Since HBO aired its limited miniseries, Chernobyl, there has been a renewed interest in the disaster that occurred at the Chernobyl Nuclear Power Plant in 1986. As people now flock to the area and tourism is booming as a result of the TV series, it has since been discovered that a top-secret military facility located nearby also shut down as a result of this disaster.
According to News.com.au, a once top-secret Cold War facility located in the forest just a few miles away had to be shut down after the Chernobyl disaster due to the exclusion zone set up as a result of radiation. Known to the USSR military as the Duga array or the Duga radar array, the West knows it by the nickname “Russian Woodpecker.”
This facility contained the Duga radar which some now visit during their trip to Chernobyl and the exclusion zone. According to CNN, this radar can be seen for miles around and was “once one of the most powerful military facilities in the Soviet Union’s communist empire.” Now, it sits abandoned just like everything within Chernobyl’s exclusion zone.
At the time, the Duga radar was designed to give Russia a few extra minutes should the Cold War between itself and the U.S. result in an attack on Russia. Since the radar was so big, it could search out a much bigger area and relay information regarding imminent attacks.
The top-secret Duga array was once listed as a children’s camp in order to maintain is secrecy during its time in operation. Built in 1976, no one knew of the existence of the radar at the military facility other than those select few and those who could see it in Chernobyl. Although, for local residents, its official use was still likely a mystery.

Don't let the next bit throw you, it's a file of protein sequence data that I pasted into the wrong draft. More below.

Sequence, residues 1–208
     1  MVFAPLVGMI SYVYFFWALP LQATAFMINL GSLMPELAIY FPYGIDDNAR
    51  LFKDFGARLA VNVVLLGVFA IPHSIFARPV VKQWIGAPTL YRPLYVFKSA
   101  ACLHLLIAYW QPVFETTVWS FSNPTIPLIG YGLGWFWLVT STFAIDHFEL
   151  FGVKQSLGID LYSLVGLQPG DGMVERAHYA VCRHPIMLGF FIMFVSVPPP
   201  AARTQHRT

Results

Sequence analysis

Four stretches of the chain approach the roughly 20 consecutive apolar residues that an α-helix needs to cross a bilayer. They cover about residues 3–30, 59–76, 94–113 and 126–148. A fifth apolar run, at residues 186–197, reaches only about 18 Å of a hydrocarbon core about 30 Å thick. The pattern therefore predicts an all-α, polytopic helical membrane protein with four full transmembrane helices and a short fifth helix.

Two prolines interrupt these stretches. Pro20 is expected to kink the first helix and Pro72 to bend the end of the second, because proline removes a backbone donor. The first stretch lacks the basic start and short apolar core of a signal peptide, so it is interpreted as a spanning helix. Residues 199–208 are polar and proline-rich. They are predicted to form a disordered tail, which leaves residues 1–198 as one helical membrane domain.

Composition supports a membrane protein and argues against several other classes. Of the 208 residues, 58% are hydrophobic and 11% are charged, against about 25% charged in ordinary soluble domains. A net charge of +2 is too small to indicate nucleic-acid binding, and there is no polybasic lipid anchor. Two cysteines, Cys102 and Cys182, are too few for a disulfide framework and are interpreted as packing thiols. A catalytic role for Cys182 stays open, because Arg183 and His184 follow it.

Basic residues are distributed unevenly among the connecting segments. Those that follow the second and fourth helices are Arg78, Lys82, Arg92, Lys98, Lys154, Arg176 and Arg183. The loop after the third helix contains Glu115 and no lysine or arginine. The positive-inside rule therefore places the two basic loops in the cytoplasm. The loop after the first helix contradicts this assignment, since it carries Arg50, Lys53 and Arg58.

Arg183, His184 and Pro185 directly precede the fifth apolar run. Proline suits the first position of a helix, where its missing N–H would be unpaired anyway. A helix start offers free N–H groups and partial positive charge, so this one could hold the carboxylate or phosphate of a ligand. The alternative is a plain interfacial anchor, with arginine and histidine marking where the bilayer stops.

Duga radar: Enormous station is hidden in forests of Chernobyl https://t.co/5jU9pKayqQ— Al Marote (@wa1lbg) March 1, 2019
However, “strange rapidly repeating interference began to be noticed on some radio frequencies,” according to News.com.au. Military experts managed to locate the source of the sound to be somewhere north of Kiev, which is now in Ukraine. At the time, though, it was a part of Moscow-ruled USSR. Because of the repeated tapping like that of a woodpecker, the signal that was known to jam some frequencies became dubbed the Russian Woodpecker.
When the Chernobyl disaster happened, the Duga array had to be evacuated, just like everywhere else within the exclusion zone as the area was blanketed in radioactive dust. However, in its heyday during the Cold War, no one could approach the Duga radar without dire consequences. Even today, a single guard is present at the location, according to Luke Johnson, who visited the site and wrote about the Duga array for Atlas Obscura.
While the site was evacuated in 1986 due to the Chernobyl disaster, it is believed that the last Russian Woodpecker transmission occurred in 1989.
The limited miniseries, Chernobyl, is currently airing on HBO.